Some of the supplies from my mother

Of course, there are other mediums you can use besides watercolors. I just happened to have water colors given to me.  Sometimes they are hard, but I love the softness of them. There are oils, acrylics, pastels, colored pencils, and much more.

I didn’t think I could draw, let alone paint. Those lesson books helped. So did practice, practice, practice. Don’t be shy, give it a try! And then have many happy years of painting things from your garden.

Another of mine. How Colorado is that!

Additional Resources:

 

This is my art instructor  http://www.janetnunnwatercolors.com/

 

Supplies can be purchased easily on-line.  I have used www.Michaels.com and http://www.janetnunnwatercolors.com/

 

Beginner watercolor techniques - https://watercolorpainting.com/

Friday, January 8, 2021

What is a Pollinator Syndrome?

By Lisa Mason, Arapahoe County Extension

In general, research has shown that plants have specific flower traits that attract pollinators, and the plants provide the pollinator with nectar and pollen rewards. These attractive traits can include flower color, odor, shape, and availability of pollen and nectar. Some plants even have nectar guides which are markings showing where the pollinator should go to collect the reward. Different traits will attract different pollinators. Why would a plant evolve with traits to attract pollinators? Because visiting pollinators will facilitate plant reproduction. This relationship benefits both the plants and the pollinators.

For example, bird pollination is called “ornithophily.”  In Colorado, hummingbirds are primary bird pollinators. We know that hummingbirds generally prefer to visit flowers that are red, orange, or white. The flowers tend to be funnel-shaped, hang loosely on the plant, and have plenty of nectar deep in the flowers. For other birds around the world such as sunbirds, honeycreepers, and honeyeaters, the plants tend to have strong perch support for the bird to land.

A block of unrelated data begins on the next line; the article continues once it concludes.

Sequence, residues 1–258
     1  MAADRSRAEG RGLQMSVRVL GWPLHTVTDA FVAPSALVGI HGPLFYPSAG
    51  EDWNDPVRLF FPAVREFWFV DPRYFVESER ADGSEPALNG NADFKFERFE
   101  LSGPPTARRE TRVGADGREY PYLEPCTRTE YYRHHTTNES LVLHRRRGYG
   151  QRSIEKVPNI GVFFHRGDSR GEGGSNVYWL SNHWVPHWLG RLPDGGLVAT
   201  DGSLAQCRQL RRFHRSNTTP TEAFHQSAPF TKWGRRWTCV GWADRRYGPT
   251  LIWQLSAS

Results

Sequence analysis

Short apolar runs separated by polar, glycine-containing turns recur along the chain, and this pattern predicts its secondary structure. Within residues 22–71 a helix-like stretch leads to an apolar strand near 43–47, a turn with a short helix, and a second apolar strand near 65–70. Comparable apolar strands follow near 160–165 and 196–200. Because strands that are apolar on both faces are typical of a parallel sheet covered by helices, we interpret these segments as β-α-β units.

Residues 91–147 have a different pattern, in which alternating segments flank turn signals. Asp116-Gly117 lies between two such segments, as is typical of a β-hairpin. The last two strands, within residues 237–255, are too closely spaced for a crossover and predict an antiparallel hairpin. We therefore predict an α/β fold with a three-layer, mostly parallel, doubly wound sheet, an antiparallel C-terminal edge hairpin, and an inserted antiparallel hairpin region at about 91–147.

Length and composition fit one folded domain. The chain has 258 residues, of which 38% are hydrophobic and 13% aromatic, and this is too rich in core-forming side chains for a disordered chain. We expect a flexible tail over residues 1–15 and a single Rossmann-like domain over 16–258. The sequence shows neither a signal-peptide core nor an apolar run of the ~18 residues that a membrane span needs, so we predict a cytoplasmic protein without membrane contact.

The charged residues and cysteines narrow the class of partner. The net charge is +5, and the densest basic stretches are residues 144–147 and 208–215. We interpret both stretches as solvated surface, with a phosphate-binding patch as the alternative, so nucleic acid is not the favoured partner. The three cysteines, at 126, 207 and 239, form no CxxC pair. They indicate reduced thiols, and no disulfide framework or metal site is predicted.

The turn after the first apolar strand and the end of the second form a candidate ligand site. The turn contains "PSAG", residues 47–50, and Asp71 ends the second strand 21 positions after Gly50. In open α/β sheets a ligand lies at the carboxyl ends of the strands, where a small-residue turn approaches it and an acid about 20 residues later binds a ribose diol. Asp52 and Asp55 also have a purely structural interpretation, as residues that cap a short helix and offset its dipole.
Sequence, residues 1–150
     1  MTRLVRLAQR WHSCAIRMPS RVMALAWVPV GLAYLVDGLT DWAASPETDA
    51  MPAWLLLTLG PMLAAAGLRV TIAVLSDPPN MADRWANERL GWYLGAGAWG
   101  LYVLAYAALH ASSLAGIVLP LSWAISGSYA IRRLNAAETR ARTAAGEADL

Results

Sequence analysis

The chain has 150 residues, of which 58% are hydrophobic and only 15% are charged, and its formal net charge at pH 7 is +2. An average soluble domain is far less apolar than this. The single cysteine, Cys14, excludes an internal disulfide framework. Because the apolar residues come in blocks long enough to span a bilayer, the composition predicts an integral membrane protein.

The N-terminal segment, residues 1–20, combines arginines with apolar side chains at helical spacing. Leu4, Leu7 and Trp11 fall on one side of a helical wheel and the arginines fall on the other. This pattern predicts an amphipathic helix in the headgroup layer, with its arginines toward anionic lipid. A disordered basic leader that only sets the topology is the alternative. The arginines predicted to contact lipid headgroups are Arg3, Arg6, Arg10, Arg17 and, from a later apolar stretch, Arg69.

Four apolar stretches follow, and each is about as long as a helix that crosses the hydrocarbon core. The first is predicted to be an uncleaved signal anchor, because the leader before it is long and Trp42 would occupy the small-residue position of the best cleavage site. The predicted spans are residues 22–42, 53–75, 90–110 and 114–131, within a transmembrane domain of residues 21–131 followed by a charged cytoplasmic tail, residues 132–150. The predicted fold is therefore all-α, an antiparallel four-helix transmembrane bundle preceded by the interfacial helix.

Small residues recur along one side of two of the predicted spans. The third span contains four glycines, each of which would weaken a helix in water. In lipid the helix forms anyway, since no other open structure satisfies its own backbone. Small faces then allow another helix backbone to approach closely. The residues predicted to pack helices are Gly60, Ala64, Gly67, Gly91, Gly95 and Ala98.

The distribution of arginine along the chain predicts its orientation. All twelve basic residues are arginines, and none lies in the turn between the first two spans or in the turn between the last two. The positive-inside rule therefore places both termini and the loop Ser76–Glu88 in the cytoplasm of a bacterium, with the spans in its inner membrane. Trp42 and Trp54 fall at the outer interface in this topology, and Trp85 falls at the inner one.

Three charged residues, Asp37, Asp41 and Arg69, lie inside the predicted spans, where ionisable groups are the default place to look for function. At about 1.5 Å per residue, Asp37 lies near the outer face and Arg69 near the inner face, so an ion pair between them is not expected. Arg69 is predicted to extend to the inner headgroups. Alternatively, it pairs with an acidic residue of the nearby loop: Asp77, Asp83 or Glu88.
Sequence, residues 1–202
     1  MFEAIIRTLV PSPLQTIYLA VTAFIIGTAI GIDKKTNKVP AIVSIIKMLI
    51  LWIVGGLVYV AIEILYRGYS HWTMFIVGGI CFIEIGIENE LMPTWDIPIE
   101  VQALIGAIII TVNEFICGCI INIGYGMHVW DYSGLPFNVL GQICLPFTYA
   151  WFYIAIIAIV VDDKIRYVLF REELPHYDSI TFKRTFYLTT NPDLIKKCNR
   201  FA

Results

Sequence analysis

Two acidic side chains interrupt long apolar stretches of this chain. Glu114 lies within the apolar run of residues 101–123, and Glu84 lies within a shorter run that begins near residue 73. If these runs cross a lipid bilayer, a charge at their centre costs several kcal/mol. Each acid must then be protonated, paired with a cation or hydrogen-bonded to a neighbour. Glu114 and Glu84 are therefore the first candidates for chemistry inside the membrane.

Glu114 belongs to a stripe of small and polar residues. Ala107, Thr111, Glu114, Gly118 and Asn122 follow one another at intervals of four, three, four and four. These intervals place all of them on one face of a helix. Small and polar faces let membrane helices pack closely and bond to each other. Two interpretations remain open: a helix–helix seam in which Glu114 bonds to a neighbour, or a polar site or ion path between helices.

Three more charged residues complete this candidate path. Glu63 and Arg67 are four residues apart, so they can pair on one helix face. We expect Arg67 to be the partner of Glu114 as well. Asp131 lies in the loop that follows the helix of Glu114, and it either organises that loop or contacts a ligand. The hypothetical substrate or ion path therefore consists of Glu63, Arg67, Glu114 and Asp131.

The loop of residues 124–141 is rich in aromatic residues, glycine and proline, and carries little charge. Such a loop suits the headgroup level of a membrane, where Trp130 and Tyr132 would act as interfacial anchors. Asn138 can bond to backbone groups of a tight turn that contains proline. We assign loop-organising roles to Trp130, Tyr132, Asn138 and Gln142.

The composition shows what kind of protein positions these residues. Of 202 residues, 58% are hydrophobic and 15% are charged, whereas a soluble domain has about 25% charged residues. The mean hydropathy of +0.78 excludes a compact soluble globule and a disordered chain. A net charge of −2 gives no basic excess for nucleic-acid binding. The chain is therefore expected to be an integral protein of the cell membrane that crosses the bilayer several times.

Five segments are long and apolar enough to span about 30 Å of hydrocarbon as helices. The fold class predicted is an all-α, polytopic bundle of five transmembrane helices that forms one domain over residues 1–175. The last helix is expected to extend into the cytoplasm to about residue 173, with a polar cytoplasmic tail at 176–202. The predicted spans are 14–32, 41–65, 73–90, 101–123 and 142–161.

Flowers that attract birds typically don’t have an odor, because birds don’t need the scent to find the flowers. You might also notice that the flower petals tend to curve outward to make it easier for a hummingbird in flight to drink nectar.


A female broad-tailed hummingbird (Selasphorus platycercus). Note the pollen on her head. Photo: Nancy Klasky

The USDA Forest Service compiled a chart of pollinator syndromes for the major groups of pollinators.

A wide variety of research is available demonstrating different pollinator syndromes. I want to share two research studies with you.

Darwin’s Prediction of the Long-Spurred Orchid

In the 1860’s, Darwin studied orchids including the long-spurred orchid, Angraecum sesquipedal. He predicted the flowers were pollinated by a long-tongued moth because the flowers have a long spur approximately 12-inches long! The nectar sources are located deep in those long spurs. When Darwin received a specimen of this orchid, his wrote, “… good heavens what insect can suck it” (Darwin, 1862b).